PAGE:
Expect to find more than one piece when reaching low to scoop up what you initially thought was one single glint. Sea glass jewels are quite beautiful to study. Rinse afterwards and towel them dry to remove gritty sand, and then arrange them in a clear container. Their tints and unique wavy shapes are remarkable, and those who gaze can ponder mystical glass back from the seafaring days of enchanted mermaids and nixies.

mermaid tears sea glass collection

I used to stuff glass and stones in my pockets, but they often slipped out when I bent over, so I now wear a slim cross-body bag to safeguard all that the water gives. Sometimes, I give back—I lost my dad’s sunglasses to gigantic waves by Phi Phi Island—but I think it was an even trade. If the glass is not buffed enough by surf and sand or squally lake waves or if it feels sharp, pitch it back in the water. It needs more time to feel smooth against your thumb and middle finger. Tossing glass back may also bring gulls and birds your way; they figure it’s a treat and quickly dive by.

Beaches and deep lakes often provide more shells and pretty rocks than sea glass; however, glass and a variety of curios routinely wash ashore on bays, inlets, spits, and islands. Sea glass beaches offer a natural repository and continuous erosion, spilling in and out. Where I walk in Swampscott, polished pottery shards and broken bits of fine china turn up. I learned these were lost to the sea 40 years ago when a local hotel burned and everything fell into the ocean. I appreciate finding a single flower pressed in indigo glaze or a pottery date stamp to identify time and place. Some of the favorite oddities I’ve gathered are antique marbles, decorated tiles, and a single ball of string unraveling in sand.

A search for glass affords time and space for surprise and wonder; gazing at ships, sailboats, lobstermen, snail beds, stories buried in sand, lost flip-flops, and distant horizons. I enjoy returning from the beach admiring my glass in the reddening glow of the sunset sun. Beach wandering is pleasurable even on nippy winter days. When a day ends and the tide is about to shift, I get a satisfying feeling and a sense of the wholeness as I rub the grainy patina of the few pieces left in my pockets.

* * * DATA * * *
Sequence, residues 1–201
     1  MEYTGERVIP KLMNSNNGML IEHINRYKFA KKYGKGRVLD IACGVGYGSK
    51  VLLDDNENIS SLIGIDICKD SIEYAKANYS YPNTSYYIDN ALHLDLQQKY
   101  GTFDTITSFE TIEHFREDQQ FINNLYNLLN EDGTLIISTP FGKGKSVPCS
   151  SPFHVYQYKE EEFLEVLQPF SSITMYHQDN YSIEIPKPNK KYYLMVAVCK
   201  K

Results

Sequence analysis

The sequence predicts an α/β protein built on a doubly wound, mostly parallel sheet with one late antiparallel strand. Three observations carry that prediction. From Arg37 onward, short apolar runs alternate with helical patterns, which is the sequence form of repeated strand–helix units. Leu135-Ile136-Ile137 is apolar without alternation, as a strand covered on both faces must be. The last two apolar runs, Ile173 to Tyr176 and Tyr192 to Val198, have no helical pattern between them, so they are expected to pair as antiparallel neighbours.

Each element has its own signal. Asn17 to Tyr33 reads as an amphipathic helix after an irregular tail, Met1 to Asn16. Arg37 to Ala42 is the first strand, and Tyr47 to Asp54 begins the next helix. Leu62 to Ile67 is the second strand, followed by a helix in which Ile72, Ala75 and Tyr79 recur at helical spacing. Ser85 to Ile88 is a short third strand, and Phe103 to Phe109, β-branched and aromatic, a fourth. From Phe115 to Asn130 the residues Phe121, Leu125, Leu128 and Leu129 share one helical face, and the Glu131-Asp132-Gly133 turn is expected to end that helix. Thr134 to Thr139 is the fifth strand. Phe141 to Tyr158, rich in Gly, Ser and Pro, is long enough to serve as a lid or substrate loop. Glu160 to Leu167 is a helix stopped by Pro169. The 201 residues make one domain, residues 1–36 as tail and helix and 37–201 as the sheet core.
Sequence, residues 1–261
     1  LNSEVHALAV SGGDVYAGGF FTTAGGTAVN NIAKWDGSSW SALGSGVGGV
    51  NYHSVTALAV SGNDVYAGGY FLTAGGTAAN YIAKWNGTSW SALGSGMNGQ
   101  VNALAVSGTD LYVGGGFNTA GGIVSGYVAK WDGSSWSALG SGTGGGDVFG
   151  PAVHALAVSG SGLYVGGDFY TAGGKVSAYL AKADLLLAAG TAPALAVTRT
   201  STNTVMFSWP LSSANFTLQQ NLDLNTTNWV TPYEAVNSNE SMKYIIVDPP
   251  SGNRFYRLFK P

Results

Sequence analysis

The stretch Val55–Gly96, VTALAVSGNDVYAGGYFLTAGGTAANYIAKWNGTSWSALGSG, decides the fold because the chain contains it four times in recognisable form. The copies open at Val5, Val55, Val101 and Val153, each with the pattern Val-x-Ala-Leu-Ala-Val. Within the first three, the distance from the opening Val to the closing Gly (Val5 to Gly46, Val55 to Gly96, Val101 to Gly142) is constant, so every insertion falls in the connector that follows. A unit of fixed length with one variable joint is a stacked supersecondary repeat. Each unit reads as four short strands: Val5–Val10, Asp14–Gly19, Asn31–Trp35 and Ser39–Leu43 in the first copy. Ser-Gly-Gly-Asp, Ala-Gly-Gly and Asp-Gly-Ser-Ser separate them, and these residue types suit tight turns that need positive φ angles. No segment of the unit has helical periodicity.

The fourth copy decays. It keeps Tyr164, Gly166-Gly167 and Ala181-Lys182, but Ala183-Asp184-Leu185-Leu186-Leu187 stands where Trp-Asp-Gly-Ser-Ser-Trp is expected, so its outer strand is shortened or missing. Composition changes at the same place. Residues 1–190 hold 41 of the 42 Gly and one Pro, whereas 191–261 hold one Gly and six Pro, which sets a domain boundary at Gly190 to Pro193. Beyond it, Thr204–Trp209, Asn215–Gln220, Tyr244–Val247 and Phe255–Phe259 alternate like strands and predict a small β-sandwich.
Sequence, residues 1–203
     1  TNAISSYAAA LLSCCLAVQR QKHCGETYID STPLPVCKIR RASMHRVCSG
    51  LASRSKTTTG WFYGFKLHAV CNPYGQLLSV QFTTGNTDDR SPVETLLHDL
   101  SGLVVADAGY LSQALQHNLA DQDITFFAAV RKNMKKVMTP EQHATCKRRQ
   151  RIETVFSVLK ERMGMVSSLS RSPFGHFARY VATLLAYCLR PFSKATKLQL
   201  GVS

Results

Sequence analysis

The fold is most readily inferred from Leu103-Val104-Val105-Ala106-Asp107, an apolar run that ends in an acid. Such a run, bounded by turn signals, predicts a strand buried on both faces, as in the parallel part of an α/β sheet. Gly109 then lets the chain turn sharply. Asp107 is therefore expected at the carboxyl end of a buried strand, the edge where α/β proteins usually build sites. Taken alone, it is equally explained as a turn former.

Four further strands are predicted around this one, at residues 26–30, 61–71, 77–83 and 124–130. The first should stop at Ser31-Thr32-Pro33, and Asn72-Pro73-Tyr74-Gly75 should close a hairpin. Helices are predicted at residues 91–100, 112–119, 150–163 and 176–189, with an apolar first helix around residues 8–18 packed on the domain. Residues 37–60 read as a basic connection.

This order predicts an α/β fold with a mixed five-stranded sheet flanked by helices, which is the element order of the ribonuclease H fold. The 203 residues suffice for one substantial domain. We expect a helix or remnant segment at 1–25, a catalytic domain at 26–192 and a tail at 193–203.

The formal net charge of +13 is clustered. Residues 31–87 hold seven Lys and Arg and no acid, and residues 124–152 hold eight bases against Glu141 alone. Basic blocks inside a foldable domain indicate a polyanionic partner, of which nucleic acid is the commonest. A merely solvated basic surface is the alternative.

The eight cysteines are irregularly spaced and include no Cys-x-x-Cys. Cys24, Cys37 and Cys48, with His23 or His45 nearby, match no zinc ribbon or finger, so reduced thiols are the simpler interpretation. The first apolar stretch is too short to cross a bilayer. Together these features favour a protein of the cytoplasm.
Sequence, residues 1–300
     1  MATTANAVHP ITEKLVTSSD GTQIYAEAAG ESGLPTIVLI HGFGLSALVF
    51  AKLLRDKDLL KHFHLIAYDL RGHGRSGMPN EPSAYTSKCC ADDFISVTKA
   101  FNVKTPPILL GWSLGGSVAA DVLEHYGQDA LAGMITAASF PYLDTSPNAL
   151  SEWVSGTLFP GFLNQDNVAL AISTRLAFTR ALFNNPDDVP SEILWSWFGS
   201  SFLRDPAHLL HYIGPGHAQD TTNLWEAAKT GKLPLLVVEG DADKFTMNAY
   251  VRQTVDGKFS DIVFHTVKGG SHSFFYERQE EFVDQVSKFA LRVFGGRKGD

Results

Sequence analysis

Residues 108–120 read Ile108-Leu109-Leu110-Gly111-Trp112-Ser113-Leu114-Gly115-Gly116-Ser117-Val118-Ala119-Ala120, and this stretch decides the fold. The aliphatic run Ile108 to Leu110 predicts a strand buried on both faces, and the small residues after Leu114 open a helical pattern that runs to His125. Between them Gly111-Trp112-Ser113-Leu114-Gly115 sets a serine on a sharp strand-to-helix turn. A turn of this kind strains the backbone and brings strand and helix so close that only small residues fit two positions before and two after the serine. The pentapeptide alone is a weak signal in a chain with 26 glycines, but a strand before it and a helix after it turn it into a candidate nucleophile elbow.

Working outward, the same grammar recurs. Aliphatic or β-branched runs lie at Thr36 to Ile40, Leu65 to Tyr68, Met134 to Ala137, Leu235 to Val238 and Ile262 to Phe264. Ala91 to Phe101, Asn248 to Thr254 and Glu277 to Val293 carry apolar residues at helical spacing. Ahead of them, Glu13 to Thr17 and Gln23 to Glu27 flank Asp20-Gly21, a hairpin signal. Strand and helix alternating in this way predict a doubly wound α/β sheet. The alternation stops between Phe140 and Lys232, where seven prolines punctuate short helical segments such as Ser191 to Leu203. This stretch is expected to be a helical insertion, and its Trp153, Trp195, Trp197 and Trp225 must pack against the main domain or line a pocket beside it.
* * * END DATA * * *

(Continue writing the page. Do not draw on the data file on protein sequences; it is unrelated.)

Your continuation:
If you are lucky enough to live by or visit salt water or a deep fresh water lake, embrace water as your playground, but stay respectful and do not interfere with nature. The amount of trash scattered on beaches is awful, so try to pick it up whenever you can!

I beach walk on vacation knowing I’ll return. Traveling back to the mountains, I magically find the right container where I can admire the shapes and colors of my finds, until they are joined by other sea travelers. Whenever I come back from the coast to my home in the mountains, I can’t help but think of the next time. In the twilight of my consciousness, dazzling coins sparkle just below the surface of the water. I reach out to them and dream of my next sea glass adventure.

This article appeared in the Beachcombing Magazine July/August 2021 issue.